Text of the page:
Books · Life · mental health

Great Expectations


I wrote a blog post a little over a year ago that I took some heat for it. Somebody in my “real” life read my post and interpreted it as a personal attack, rather than understanding the struggle I was experiencing. Other people were dragged into the situation, accusations were made, and to do this day I am still not on good terms with one of the people involved. Ironically, the original post was about the lack of support I was feeling at the time.

Since then I’ve been thinking a great deal about expectations and how they shape our behavior. This past year has brought on many changes and new challenges for me and, as a result, I’ve had to look my expectations in the face and question whether they are influencing me in a negative or positive way. I know there are others out there who struggle with this, so I’m re-visiting that post today. Some of the wording has been changed slightly, so as not to directly offend anyone, but the integrity remains the same.

Any reader knows that the books we read, especially when we are young, influence us throughout life. Books shape our views of the world. They teach us about other people and help us determine what kind of person we want to become. They introduce us to new experiences and teach us how to react. They teach us how to grow up and how to grow old. They show us what it means to live and what it means to love…One can learn so many valuable things from books.

Lately I have been thinking about the things I have learned in the past 29 years about my life and myself and I realize that there may have been one downside to all of the years I’ve spent turning page after page of fiction novels. While, overall, it has been a highly positive outlet for me, reading has also skewed my perception of what life is supposed to be. Maybe I read too many happily-ever-afters as a kid or maybe I just read too  many stories about nuclear families or maybe there were too many perfect heroines, I don’t know. Whatever the reason, I have come to have certain expectations of myself and of others. Those expectations have not always panned out, leading to a lot of disappointment and confusion on my end.

I began struggling with depression and anxiety by the time I was 10 years old. Even though I didn’t quite understand what was happening to me, I constantly asked myself why I couldn’t be “normal,” like other kids. As I grew older and life grew more challenging, I found myself asking more questions – questions regarding family, love and relationships, friendships, and my own achievements.

For 29 years I have been asking myself “Why can’t life be the way it is in my books?” It is not the fault of the books, but rather my own flawed thinking that has led me to expect those things from life and to continually compare myself to the characters I read about. Perhaps this is why I no longer find myself able to relate to “perfect” characters and am more attracted to flawed, struggling protagonists. I would rather know that I am not alone, than to continue looking for answers and finding myself isolated.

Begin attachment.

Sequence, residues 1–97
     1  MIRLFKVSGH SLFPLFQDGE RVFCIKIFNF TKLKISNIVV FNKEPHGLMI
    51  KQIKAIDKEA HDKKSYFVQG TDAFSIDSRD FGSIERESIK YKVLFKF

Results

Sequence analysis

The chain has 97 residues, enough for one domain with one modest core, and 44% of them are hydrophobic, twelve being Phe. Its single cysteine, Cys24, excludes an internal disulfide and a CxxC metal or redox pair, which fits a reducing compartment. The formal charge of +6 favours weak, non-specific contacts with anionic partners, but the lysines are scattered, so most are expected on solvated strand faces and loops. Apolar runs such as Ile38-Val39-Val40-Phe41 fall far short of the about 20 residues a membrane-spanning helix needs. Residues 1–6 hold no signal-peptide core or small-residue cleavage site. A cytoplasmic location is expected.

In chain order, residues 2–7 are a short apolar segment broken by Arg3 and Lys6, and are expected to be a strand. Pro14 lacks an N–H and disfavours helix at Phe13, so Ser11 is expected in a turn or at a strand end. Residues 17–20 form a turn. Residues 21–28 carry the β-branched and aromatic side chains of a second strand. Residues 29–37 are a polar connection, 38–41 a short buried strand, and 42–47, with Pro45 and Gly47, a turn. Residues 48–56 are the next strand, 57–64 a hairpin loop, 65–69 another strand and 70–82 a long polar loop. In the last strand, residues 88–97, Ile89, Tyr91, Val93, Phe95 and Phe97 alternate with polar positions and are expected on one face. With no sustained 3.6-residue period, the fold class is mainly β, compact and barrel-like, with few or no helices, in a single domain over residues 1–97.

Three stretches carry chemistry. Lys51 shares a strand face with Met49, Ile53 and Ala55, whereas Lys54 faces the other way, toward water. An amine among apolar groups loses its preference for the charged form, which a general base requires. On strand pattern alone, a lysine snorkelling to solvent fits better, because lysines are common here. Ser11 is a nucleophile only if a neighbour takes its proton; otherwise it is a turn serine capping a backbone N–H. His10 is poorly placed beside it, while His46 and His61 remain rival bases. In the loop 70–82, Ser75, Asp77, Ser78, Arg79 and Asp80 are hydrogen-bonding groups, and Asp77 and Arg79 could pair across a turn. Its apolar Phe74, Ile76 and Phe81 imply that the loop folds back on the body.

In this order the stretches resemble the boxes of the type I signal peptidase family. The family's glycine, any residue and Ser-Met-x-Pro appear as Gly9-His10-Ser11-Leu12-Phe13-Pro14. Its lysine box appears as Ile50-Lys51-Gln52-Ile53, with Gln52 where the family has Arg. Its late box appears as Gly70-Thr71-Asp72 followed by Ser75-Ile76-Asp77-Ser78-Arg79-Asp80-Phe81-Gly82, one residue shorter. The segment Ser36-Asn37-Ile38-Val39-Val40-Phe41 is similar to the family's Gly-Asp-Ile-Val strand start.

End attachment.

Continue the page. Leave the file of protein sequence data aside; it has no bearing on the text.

I’ve done some growing since I originally wrote that post, thanks to therapy and a lot of soul searching. I am able to recognize now which expectations I’ve needed to let go of because they were only causing me misery, and which ones are okay to hold onto. I’m definitely not perfect. I still don’t have it all figured out yet, but I’m trying, which is all any of us can do.

Do you set expectations of the world around you based on the books you read? 


6 thoughts on “Great Expectations

  1. I think the hardest thing that I expected as a kid was from being told that if I put me mind to it, I could do anything and be anything. I had big dreams not based on reality. Here I am not a millionaire, with medical problems I can’t just “think positively” away, and I still in many ways don’t know what I want to be when I grow up. I know it is good to dream but I wish someone would have given me more practical teaching about life in some ways. I mean sure I had lots of hard knocks from the school of life. I am not discrediting the lessons learned from that. But seriously I wish I learned to somehow be a better grownup!
    x The Captain

    Liked by 2 people

    1. SAME! Ugh. I cringe now at some of the things I was told growing up. I got really good grades and was really smart, so people kept telling me I could be “anything.” They insisted that just because I got good grades and was passionate about things that my adult like was going to be amazing. And here we are…

      I can relate to this so much. I still get somewhat irritated when I hear people telling kids this. I mean, obviously you don’t want to discourage them or make them feel like their lives are going to suck, but at the same time people need to be realistic.

      Liked by 1 person

  2. I felt that post was pretty benign; I’m so sorry it harmed a relationship in your life. I agree that my expectations of relationships and success have probably been skewed by the books I read and movies/shows I watch. My husband has to gently remind me sometimes that I’m not living in a storybook – I’m living my life. Thank you for sharing your struggles. I know that it can be so hard to do that.

    Liked by 2 people

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